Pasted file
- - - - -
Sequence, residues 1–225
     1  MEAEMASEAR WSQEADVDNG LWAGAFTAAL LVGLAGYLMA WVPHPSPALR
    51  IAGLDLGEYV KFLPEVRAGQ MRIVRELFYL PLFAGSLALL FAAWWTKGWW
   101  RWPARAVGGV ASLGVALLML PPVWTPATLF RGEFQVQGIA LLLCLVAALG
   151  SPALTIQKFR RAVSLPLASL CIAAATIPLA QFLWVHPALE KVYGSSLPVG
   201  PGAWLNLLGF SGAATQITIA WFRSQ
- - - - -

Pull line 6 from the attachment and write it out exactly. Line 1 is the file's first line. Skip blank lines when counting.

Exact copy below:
   201  PGAWLNLLGF SGAATQITIA WFRSQ